How many times are we told that the bible is full of contradictions? They say things like, “how can you rely on the bible? It’s full of contradictions and it can’t be used as a reliable source.” In this post, we’ll tackle one of those supposed contradictions.
Let’s take a look at two verses that seemingly contradict.
2 Kings 2:11 (NKJV)
11 Then it happened, as they continued on and talked, that suddenly a chariot of fire appeared with horses of fire, and separated the two of them; and Elijah went up by a whirlwind into heaven.
By reading 2 Kings 2:11, it appears that Elijah went up to heaven in a whirlwind. However, if we read the following verse, John 3:13, it would appear that Jesus contradicts 2 Kings 2:11 when he says no one has ascended to heaven.
John 3:13 (NKJV)
13 No one has ascended to heaven but He who came down from heaven, that is, the Son of Man who is in heaven.
I agree at first read these verses seem to be an obvious contradiction.
A reoccurring answer to this contradiction is the differences in the Hebrew and Greek meanings of the word “heaven” used in these verses. In John 3:13, Jesus, explaining the origin of His authority to Nicodemus, referred to Himself as the Son of Man who would ascend to heaven. The Greek work used for “heaven” in this verse is ουρανον. Biblehub translates this word as “the region above the sidereal heavens, the seat of order of things eternal and consummately perfect where God dwells and other heavenly beings”. Other sources translate this area of heaven as “abode” or home of God the Father.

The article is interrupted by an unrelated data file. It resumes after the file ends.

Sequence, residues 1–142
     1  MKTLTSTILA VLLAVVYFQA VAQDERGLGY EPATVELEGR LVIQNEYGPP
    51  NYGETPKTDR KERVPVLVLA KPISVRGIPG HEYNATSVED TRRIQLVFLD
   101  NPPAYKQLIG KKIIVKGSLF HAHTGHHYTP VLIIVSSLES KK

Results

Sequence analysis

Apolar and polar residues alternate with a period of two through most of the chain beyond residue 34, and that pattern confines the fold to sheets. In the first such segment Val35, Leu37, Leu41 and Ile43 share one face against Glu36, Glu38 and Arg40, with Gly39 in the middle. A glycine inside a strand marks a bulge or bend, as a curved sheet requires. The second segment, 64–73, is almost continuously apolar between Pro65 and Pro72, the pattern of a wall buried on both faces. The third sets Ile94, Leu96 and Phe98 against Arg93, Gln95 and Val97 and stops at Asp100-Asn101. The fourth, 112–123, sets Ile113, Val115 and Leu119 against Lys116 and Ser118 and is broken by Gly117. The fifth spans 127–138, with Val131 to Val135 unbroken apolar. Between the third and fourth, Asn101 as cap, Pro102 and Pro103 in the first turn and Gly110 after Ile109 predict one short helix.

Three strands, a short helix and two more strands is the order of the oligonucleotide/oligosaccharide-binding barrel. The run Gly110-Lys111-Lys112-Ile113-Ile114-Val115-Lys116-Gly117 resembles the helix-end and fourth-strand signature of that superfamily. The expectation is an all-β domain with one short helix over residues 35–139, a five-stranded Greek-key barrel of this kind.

In 2 Kings 2:11, Elijah went up into the heavens. Some scholars suggest based on the Hebrew word, shamayim, used here does not have the same meaning as that of the Greek word for heaven used in John 3:13. The Hebrew word for heaven in 2 Kings 2:11 means the “visible sky” and not the not the specific location of God the Father.
In conclusion, we can see that 2 Kings 2:11 and John 3:13 are not contradictions but simply a lack of translation from the original language to English. As Jesus tells Nicodemus He is the Son of Man, this is surely a place where He would’ve seen the face of God the Father. A place where no other “man” has been. Elijah indeed went up into heaven as the bible says, but he did not go to the abode of God the Father.
A friend suggests the following commentary on these two verses. He states that the word, “ascended”, used in John 3:13 suggests this is something an action you can do yourself which only Jesus, the Son of God, could do. 2 Kings 2:11 says that Elijah “went up by a whirlwind” which implies he needed help to go up to heaven and could not do on his own. Reminds me of what Isaiah said in Isaiah 64:6, “…all our righteousness are like filthy rags.” There’s nothing we can do that is worthy of getting into heaven. I leave you with Romans 6:23:
Romans 6:23 (NKJV)
23 For the wages of sin is death, but the gift of God is eternal life in Christ Jesus our Lord.